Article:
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FLEXO Magazine : July 2014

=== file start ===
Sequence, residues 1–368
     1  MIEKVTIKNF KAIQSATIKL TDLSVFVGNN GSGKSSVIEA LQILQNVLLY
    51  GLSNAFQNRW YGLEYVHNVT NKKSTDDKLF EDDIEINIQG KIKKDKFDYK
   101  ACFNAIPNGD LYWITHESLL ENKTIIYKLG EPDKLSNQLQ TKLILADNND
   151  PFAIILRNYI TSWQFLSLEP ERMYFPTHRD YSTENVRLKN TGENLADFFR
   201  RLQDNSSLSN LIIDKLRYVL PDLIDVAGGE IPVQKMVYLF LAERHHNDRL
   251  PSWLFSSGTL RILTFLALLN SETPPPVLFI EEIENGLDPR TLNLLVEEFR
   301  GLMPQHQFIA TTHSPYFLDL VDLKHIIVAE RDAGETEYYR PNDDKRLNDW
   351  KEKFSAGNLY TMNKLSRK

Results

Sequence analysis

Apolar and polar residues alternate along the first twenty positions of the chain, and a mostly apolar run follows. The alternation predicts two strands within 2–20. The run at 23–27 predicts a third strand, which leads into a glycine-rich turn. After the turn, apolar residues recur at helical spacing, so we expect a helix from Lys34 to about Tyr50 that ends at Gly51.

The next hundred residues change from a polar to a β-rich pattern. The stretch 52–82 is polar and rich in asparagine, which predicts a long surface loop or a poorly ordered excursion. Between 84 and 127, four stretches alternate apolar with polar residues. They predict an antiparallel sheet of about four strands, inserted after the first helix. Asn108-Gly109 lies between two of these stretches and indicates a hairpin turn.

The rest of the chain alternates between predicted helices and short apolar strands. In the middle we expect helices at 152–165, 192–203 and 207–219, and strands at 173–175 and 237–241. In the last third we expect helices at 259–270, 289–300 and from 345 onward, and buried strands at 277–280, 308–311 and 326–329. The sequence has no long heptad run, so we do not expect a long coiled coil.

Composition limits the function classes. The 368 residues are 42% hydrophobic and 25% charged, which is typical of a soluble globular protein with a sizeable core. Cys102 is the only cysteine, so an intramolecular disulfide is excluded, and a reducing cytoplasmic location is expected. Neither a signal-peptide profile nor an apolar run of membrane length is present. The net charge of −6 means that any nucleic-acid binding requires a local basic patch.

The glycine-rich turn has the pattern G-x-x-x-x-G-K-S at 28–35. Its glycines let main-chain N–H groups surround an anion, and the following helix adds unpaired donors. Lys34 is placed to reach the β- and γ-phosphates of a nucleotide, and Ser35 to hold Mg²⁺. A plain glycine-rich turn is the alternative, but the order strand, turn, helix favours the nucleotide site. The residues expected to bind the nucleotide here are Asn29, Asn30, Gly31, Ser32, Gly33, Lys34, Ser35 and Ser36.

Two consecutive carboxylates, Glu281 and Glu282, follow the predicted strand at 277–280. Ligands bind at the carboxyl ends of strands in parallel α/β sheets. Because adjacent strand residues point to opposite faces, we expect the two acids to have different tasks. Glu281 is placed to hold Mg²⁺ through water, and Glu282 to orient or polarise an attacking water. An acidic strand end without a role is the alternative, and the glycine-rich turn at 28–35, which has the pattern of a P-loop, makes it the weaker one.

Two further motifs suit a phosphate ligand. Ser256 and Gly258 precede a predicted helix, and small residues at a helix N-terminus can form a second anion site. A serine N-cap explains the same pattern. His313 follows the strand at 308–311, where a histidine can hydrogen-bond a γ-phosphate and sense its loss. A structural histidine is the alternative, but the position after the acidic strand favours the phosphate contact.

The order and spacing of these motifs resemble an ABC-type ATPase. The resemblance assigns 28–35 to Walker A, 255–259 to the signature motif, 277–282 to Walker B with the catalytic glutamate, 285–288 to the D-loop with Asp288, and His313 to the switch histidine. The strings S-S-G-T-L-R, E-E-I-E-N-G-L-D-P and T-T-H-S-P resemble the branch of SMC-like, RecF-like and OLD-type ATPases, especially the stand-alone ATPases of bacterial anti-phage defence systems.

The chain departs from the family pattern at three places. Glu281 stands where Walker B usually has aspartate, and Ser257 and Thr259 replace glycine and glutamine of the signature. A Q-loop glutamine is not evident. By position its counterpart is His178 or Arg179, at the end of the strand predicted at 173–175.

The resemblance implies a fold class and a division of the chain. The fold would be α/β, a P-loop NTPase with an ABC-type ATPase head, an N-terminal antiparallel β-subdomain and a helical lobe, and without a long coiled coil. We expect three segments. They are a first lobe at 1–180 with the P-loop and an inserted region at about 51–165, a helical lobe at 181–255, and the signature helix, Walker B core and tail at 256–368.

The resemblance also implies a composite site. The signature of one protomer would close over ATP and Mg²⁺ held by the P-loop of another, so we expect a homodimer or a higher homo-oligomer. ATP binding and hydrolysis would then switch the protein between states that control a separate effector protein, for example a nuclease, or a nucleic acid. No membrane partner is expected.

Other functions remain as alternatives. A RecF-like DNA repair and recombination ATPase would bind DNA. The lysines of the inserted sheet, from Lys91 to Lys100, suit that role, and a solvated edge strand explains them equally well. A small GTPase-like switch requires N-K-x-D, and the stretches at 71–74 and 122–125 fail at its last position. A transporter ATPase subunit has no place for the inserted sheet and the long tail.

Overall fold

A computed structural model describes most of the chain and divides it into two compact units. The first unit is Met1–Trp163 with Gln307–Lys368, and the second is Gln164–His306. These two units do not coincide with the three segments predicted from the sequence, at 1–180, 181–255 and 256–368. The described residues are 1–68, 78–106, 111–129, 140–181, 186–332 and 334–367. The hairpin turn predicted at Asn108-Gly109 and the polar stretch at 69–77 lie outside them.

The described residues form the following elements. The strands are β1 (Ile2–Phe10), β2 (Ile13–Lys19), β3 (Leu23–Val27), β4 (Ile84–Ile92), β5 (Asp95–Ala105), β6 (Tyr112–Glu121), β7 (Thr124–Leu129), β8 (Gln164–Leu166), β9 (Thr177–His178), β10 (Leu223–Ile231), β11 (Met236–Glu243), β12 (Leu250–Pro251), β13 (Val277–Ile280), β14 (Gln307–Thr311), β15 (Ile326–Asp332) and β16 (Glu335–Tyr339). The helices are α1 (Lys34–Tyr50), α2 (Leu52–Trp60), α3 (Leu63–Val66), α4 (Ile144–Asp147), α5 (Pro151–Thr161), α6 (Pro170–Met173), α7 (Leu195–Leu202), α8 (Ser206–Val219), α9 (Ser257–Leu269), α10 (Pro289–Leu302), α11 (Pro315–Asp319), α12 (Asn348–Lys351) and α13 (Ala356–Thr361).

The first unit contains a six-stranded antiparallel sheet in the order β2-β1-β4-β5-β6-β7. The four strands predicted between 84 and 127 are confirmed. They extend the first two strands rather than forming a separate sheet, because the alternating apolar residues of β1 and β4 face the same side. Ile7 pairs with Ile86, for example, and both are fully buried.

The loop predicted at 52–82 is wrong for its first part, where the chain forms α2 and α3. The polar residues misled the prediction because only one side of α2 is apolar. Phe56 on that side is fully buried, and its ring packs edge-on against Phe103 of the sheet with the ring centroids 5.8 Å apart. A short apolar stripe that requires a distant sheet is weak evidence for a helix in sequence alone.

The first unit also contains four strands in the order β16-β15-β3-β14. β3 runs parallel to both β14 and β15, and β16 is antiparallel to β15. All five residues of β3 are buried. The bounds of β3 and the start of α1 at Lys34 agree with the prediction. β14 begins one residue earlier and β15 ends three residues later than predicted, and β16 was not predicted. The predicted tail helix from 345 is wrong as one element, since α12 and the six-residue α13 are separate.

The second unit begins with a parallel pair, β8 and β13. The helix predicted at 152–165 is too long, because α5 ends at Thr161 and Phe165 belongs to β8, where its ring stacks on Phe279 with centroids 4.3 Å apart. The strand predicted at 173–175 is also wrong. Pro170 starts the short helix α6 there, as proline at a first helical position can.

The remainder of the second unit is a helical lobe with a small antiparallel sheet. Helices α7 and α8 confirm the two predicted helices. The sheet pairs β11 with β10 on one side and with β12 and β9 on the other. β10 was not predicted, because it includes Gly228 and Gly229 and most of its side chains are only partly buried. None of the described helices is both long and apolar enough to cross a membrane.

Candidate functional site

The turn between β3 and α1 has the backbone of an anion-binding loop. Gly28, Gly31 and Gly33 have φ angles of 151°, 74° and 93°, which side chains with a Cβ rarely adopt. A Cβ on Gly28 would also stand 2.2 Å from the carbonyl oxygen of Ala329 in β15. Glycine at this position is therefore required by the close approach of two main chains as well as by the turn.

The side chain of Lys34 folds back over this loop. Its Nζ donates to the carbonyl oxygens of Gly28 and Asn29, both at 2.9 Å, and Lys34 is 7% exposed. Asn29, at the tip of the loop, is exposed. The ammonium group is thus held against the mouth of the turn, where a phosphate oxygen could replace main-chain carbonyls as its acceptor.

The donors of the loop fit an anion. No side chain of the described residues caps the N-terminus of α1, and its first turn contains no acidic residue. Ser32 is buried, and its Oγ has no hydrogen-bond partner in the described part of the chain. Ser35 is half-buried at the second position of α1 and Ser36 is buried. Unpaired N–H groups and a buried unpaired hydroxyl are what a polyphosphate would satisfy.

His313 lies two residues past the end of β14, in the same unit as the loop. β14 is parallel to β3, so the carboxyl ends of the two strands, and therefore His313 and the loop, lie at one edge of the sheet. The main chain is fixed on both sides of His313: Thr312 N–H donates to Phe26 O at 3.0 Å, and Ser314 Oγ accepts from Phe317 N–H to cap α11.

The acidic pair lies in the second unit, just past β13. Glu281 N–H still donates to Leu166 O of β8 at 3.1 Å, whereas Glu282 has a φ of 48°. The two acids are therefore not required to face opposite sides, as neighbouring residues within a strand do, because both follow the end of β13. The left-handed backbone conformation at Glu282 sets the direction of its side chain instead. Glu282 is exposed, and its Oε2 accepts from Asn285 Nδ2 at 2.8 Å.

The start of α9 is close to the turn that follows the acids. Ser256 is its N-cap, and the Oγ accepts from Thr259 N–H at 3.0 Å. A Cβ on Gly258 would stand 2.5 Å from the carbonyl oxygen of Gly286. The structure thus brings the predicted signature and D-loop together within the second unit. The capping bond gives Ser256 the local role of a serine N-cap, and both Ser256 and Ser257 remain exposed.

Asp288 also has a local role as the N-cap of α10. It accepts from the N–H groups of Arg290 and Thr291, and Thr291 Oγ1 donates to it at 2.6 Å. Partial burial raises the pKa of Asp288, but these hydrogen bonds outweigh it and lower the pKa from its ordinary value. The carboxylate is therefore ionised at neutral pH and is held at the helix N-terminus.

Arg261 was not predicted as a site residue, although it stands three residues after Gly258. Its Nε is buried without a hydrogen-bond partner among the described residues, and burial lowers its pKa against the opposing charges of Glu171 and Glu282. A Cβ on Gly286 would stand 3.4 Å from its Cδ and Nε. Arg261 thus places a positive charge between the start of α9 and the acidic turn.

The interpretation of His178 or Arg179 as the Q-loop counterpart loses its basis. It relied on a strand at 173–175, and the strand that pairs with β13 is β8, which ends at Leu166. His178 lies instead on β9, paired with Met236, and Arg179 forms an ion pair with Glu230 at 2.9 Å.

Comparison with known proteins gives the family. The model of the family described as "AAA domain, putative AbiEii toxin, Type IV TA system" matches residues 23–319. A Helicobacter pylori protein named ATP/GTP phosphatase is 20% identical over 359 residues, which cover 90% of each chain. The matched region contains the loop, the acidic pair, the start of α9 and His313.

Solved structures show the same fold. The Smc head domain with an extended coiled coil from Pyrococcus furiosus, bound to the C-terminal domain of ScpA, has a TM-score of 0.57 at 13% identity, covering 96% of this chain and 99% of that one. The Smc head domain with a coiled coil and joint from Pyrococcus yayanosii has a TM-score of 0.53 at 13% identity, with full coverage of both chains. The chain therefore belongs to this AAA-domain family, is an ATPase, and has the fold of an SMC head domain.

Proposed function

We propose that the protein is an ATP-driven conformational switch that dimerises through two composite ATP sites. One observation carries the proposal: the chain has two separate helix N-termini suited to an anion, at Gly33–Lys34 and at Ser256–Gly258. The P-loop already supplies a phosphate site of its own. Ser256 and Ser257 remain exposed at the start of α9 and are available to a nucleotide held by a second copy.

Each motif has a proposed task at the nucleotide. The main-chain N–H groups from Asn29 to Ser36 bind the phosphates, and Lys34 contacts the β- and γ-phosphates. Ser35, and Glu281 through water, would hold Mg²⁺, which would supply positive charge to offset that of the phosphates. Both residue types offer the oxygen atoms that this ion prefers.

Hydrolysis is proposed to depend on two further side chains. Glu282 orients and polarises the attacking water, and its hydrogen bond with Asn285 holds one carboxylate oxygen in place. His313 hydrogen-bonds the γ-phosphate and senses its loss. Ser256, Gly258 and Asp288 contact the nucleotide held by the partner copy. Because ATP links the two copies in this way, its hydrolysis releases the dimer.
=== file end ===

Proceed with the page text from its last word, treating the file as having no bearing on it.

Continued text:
Until recently, seamless was considered a “bad word” in flexography. The industry has improved its ability to deliver print in this format, but sleeve sourcing can be expensive and timing can be lengthy if tooling requirements or design changes are not communicated through the entire supply chain. Situations that degrade the perceived quality of the package can be avoided if the design can account for how plates are mounted on sleeve or if a dialogue is generated early in the design process to use seamless media. Brand Placement At the 2014 Expanded Gamut session at FTA’s Annual Forum, titled “The Customers And You!,” David Franklin of David Franklin Design and Rick Pollard of Procter & Gamble both touched on optimizing designs to hide the process deficiencies of expanded gamut and to accentuate its capabilities. With that said, any flexographic print job should always optimize the design for the technologies that will be used to produce the packaging. Some specific considerations are addressed in Tyler Mills’ article “Printing a Rembrandt,” FLEXO® June 2011. When a brand is being developed and SKUs are being designed, the brand colors can be used to convey a consistent marketing message to the consumer. There are many ways to do this with process color (4-color or 7-color), spot colors or a combination of the two. There is not one correct way of producing the highest perceived quality pack- age. The decision should be based on several things: • Capabilities of the substrate • Print conditions • Associated costs From the print perspective, a successful translation of a design that looks great on a screen, to a package that looks great on a shelf relies on the chosen separation method. Choices about the separations are constrained by the available print stations on a press and the associ- ated process print capability. Having a dedicated design review with the supply chain prior to the release of final files for production allows print associated concerns to be identified. This print assessment pro- vides a forum to address altering the design construction to achieve predictable, repeatable print while not altering the original marketing intent. The importance of driving this communication upstream is often overlooked and results in delayed time and wasted materials. A typical decision is whether to build a graphic element from a process build or a spot color. The best answer often depends on how it’s being utilized for the brand. For example, the brand owner’s logo is often created from a line color to ensure consistency across an entire product line, but a flavor descriptor only used on one particular pack- age may be created using process inks. A common error at the design stage is to convert a Pantone color to process using the default Adobe Illustrator color settings (most likely SWOP). While this looks good on screen, the actual product may differ significantly. The appearance of process color varies heavily depending upon the substrate and the ink delivery system of the flexographic printer. Setting this color expectation early in the process to determine the original intent, the method of conversion and when in the workflow to convert brand colors helps eliminate wasted time tweaking color in one color gamut only to be tweaked again in another. Sometimes, line colors are split between process and screen sep- arations when print units are available, so a particular design can benefit from nice solid laydown and fine smooth screens provided by two different anilox rolls. As designs become more complex and designers push the limits of the process, decisions are made to em- ploy technologies like flat top dot, expanded gamut, high resolution imaging, solid and transitional screening or multiple combinations thereof to help create the best impact at that “First Moment of Truth.” Each decision has an impact on how an element should be created and utilized in a brand family. It’s up to the technology sup- plier to communicate those requirements through the supply chain to maximize the benefits at each stage. Product Imagery: Process Photos Vibrant product imagery catches the consumer’s eye during the “First Moment of Truth,” making it one of the most important parts of the “Each decision has an impact on how an element should be created and utilized in a brand family. It’s up to the technology supplier to communicate those requirements through the supply chain to maximize the benefits at each stage. ” 30 FLEXO | JULY 2014